Thursday, November 27, 2008


Alternative Names :
Evoked auditory potentials; BAEP - brainstem auditory evoked potentials; Evoked response audiometry

Definition :

The brainstem auditory evoked response (BAER) test measures brain wave activity that occurs in response to clicks or certain tones.

How the Test is Performed :

You lie on a reclining chair or bed and remain still. Electrodes are placed on your scalp and on each earlobe. The earphones give off a brief click or tone. The electrodes pick up the brain's responses to these sounds and record them.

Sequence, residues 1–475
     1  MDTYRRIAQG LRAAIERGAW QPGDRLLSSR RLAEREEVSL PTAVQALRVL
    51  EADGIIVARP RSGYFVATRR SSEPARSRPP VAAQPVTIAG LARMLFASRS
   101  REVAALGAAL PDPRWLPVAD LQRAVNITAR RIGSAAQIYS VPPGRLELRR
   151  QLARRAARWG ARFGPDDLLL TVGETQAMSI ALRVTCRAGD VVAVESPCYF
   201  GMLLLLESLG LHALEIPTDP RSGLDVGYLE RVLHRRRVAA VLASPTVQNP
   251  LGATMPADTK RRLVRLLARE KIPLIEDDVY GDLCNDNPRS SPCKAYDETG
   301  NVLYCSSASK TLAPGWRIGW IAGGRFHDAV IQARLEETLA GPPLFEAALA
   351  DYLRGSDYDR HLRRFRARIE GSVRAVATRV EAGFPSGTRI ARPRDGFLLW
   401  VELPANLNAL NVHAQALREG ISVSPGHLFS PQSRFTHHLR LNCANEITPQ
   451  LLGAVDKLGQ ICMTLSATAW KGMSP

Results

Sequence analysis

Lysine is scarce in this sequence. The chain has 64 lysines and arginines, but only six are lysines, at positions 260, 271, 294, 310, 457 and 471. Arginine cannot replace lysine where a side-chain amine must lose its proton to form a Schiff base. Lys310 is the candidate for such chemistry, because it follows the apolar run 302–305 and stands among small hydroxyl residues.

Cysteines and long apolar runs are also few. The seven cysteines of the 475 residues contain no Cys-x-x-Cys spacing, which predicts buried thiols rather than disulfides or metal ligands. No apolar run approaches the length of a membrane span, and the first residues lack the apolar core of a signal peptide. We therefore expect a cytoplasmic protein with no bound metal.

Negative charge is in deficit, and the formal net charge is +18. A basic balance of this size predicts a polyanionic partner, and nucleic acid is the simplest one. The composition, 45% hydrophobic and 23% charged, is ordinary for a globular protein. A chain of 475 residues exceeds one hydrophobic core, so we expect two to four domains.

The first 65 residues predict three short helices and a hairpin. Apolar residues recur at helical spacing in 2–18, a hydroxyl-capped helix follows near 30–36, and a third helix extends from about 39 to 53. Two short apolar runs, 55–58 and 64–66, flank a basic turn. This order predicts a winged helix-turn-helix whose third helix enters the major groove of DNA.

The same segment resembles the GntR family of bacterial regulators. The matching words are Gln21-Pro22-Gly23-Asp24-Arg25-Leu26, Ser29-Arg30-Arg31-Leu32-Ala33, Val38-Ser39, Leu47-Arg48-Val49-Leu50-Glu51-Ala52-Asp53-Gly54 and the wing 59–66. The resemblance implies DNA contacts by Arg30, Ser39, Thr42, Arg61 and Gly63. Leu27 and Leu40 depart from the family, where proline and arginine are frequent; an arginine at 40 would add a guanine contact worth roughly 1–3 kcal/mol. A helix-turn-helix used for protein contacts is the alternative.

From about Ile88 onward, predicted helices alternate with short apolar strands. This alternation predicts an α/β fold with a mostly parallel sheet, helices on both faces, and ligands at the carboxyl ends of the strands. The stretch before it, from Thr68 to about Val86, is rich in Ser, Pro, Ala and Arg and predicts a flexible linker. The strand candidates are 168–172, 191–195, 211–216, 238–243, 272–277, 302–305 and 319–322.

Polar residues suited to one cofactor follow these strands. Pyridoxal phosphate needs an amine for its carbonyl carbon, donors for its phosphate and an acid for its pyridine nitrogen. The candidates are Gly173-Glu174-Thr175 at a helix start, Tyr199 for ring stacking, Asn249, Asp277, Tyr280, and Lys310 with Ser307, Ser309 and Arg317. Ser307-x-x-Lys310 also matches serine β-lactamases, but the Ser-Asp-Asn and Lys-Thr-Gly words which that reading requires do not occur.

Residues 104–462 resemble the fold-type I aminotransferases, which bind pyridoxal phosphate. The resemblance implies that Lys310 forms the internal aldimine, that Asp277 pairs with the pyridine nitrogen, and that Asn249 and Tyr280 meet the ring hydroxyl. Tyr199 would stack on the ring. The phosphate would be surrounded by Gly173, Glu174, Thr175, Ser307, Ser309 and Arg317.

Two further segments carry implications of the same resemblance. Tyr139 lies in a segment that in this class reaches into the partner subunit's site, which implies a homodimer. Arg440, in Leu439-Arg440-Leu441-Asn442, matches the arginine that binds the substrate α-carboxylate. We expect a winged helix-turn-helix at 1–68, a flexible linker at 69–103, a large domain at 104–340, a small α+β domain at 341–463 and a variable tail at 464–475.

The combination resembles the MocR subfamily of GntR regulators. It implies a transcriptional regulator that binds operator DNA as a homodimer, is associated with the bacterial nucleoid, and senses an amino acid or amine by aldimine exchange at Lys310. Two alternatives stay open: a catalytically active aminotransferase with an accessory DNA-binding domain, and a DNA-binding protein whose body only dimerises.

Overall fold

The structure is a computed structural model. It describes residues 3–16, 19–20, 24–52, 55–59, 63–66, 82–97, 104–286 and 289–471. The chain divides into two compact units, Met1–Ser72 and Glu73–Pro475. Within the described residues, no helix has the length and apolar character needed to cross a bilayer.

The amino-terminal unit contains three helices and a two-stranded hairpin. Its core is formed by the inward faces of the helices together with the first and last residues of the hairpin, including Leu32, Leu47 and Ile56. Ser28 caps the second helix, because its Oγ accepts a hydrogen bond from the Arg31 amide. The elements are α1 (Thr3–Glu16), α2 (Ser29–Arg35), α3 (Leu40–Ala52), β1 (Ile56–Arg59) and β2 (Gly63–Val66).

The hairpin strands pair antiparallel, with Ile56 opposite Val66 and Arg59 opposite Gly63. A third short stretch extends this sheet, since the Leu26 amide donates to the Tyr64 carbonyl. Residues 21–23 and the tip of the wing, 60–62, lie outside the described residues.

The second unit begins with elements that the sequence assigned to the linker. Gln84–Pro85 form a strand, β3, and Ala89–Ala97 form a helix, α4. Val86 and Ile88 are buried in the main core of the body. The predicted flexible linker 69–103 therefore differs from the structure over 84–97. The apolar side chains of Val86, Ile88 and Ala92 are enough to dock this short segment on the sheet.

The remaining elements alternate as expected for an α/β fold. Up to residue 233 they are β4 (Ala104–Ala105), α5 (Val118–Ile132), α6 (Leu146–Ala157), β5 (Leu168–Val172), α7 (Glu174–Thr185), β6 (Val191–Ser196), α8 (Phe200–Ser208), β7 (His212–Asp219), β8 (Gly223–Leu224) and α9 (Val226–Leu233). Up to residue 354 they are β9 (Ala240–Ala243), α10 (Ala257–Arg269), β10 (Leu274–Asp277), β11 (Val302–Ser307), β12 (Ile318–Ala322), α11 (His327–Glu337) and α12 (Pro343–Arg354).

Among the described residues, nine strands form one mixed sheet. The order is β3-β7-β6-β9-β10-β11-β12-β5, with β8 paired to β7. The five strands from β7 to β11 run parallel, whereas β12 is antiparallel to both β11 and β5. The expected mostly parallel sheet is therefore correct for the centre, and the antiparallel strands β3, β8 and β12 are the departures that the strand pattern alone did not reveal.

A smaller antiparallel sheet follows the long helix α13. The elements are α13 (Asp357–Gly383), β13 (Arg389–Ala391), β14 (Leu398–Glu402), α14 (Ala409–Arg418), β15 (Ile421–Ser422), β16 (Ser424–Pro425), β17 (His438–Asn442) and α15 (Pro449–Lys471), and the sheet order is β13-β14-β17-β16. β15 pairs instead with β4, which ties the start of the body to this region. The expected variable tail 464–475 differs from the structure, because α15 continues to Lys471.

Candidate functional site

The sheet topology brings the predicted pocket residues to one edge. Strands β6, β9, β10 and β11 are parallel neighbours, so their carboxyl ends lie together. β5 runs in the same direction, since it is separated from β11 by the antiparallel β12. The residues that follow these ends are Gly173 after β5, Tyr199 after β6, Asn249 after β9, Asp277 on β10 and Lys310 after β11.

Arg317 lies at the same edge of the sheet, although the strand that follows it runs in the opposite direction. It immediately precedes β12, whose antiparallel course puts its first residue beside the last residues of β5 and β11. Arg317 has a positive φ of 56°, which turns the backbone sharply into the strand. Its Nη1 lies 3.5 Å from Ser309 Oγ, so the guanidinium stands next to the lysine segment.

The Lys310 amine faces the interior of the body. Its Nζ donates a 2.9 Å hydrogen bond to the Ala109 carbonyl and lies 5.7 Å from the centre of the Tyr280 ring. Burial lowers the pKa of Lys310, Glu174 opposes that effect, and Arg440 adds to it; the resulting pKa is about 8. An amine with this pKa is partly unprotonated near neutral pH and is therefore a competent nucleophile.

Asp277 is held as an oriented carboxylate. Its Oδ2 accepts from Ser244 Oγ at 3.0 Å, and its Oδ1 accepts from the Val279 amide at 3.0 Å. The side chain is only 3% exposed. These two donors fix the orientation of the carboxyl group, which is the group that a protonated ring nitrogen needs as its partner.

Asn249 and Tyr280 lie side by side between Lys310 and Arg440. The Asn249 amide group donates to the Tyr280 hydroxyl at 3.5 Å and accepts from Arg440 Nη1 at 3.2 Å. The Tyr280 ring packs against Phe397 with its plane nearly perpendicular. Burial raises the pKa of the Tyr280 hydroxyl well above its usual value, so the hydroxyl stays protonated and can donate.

How to Prepare for the Test :

You may be asked to wash your hair the night before the test.

How the Test Will Feel :

There is little discomfort.

Why the Test is Performed :

The test is performed to help diagnose nervous system abnormalities and hearing losses (especially in low birth weight newborns), and to assess neurological functions.

Normal Results :

The auditory brain stem values are in a normal range. This range varies among patients and instruments used.

What Abnormal Results Mean :

Abnormal findings may indicate a hearing loss, multiple sclerosis, or stroke.

Additional conditions under which the test may be performed:
Acoustic neuroma
Central pontine myelinolysis

Risks :

There are no risks.